Appreciating the Essence of Your Son
About the Guest
Are you expecting your son to behave like a girl? You might, and not even realize it. Boys are under attack, according to pediatrician and mother of six, Dr. Meg Meeker. Dr. Meeker tells how boys, who are naturally attracted to activity and motion, are being reprimanded for acting like boys. Hear Dr. Meeker share her concerns about too many boys being misdiagnosed with ADHD, and advises Dads to reach into their sons' lives by doing something with them.
Meg MeekerDr. Meg Meeker is a pediatrician who has practiced child and adolescent medicine for 31 years and is an author of six books including the best-selling book, Strong Fathers, Strong Daughters; Strong Mothers, Strong Sons, The Ten Habits of Happy Mothers and more. She is a nationally acclaimed speaker on parenting issues and speaks at Dave Ramsey’s Smart Conference. She has appeared on numerous national television and radio shows including The Today Show, NPR, Today with Kathie Lee a...more
Dr. Meg Meeker tells how boys are being reprimanded for acting like boys.
Appreciating the Essence of Your Son
Bob: Dr. Meg Meeker says we live in a day when the message being presented to our teenage sons about their sex drive and their hormones is this—
Meg: “That is the one thing you can’t control because we all know what a strong drive it is in boys,” and, “Oh, well. We’ll shrug our shoulders and hope you won’t get in trouble.” That is how our boys are treated—a lot of verbal and nonverbal language to boys about that. It is devastating to boys because they need to understand that they can control every aspect of their humanity.
Bob: This is FamilyLife Today forThursday, December 19th. Our host is the President of FamilyLife®, Dennis Rainey, and I'm Bob Lepine. You want your sons to grow up to be men; right?—strong, confident, humble men. Stay tuned.
And welcome to FamilyLife Today. Thanks for joining us. Do you remember, several years ago, a book that came out called The Dangerous Book for Boys?
Dennis: Yes—over in England. That’s right.
Bob: It was like huge. People really resonated with this book that was all about teaching boys how to use jackknives and how to do risky things.
Dennis: Yes. You’d think it wouldn’t have been very popular; especially, as it migrated to America because of it being politically-incorrect.
Bob: Well, why do you think it took off the way it did?
Dennis: I think, innately, girls and boys are different. I think the book pointed that out in fresh ways; and I think it resonated with moms and dads, all across the country, who were looking for a way to raise sons who are uniquely boys. I think our guest on today’s program feels the same way. Dr. Meg Meeker joins us. Meg, welcome to FamilyLife Today.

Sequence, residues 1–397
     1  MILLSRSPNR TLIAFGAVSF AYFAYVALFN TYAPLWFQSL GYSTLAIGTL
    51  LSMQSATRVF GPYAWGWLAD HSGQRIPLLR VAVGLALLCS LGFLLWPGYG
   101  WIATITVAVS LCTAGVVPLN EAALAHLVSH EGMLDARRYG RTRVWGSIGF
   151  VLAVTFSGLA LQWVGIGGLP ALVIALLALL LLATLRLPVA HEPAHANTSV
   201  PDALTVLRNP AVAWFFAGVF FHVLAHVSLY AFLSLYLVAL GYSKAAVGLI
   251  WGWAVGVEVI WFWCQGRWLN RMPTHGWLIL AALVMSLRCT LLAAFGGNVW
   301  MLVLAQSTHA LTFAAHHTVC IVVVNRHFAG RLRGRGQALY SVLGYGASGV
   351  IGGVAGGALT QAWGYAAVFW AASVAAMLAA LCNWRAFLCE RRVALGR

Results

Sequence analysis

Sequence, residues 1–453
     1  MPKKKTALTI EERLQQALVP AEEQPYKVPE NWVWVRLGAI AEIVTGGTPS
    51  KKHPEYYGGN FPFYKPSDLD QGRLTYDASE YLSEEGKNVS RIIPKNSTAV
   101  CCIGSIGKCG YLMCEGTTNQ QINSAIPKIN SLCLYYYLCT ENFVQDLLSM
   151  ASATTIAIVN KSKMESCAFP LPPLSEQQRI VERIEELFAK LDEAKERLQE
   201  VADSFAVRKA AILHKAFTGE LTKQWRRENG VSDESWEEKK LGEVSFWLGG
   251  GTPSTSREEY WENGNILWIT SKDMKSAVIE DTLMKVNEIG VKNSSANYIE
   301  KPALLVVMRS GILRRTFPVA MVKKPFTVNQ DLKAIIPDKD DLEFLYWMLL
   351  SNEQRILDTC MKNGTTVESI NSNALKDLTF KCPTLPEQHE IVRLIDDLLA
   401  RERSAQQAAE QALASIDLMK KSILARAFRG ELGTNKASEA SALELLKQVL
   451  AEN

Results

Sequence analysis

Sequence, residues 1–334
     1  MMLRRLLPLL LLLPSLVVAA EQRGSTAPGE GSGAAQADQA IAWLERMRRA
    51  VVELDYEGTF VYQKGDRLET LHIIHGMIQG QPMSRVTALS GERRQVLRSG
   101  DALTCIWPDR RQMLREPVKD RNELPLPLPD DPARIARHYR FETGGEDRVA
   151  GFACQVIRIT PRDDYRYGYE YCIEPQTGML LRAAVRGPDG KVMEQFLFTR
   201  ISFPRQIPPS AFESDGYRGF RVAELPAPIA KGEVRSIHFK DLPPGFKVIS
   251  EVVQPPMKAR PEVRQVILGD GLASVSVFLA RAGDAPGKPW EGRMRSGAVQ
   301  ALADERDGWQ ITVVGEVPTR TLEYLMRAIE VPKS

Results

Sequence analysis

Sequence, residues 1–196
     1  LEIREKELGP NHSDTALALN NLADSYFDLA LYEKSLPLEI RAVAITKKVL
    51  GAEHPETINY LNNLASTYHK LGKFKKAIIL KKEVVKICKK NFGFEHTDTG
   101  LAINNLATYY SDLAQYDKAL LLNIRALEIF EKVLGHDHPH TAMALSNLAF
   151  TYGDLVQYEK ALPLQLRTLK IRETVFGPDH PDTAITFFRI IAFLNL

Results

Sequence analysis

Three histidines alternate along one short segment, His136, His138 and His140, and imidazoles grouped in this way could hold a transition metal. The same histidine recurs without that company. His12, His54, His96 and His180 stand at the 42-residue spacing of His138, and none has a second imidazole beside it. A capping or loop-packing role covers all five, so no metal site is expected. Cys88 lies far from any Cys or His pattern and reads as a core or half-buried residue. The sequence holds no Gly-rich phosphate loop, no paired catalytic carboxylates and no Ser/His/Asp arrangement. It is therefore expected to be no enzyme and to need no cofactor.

Meg: Well, thank you for having me. It is just a lot of fun.
Dennis. You have written a book that would be considered politically-incorrect: Boys Should Be Boys: 7 Secrets to Raising Healthy Sons.
Meg: Yes. I kind of enjoy doing things like that—going against the grain a little bit. But, I really wrote Boys because I wanted to put the spotlight on boys. I wrote it as a follow-up to my Strong Fathers, Strong Daughters because one of the things I realized, when I was writing the father/daughter book, is how marginalized men feel in our culture—husbands / single men.
I wondered if that sense trickled down to younger boys: “Do they feel marginalized because we have had so much focus on girls with the feminist revolution, and so on, and so forth?” I found that they did. I think that is, maybe, why that Dangerous Book for Boys, was popular because it highlighted masculine traits, and masculine adventures and joys, and said: “This is really good. This is a good thing.”
I really wanted to write about boys to put the focus back on them and say: “Have they been victims of a war that has been fought culturally in the United States? Are they sort of the casualties, in other words, of feminism? Let’s take a look at them, and see what they need, and what is really going on in their lives,”—a lot of fun to write.
Dennis: You are a physician—
Dennis: —a pediatrician. You are a mom of four. You have one son. This book has a particular spot in your heart. One of the stories you tell—that I think reveals that heart—is the story of the four boys who had the tree-house. It illustrates the very thing we are talking about here.
I just want to say, at the start, I just want to cheer moms and dads on—who are raising the next generation of boys. They must be successful. That is why you wrote the book.
Meg: Yes. I really did, and I also believe that boys are tremendously under attack in our culture.
Dennis: Yes. They are.
Meg: I think sexually—their sexuality is under attack. I think, physically, they are under attack. Emotionally, they don’t know where to land. They don’t know how they are supposed to behave. Many don’t have a father in the home—they don’t have any male role model. They have strong women sisters, strong mothers; and they just don’t know who they are supposed to be.
Bob: We went past the tree-house. Tell the tree-house story.
Meg: I love the tree-house story. This was told to me by the boys who have the tree-house. They wanted their real names used because of the tree-house—they are very, very proud of it.
Dennis: They are proud of it?
Meg: They are very proud of it. And they are adults now—cute as buttons. I think they are always kids. You know, 25-year-olds are still kids to me. These are boys who grew up in a regular old neighborhood in Michigan—northern Michigan—where I live. They had a small patch of woods behind their houses. This patch of woods connected one boy’s home with the other boys’ home. This was their secret place.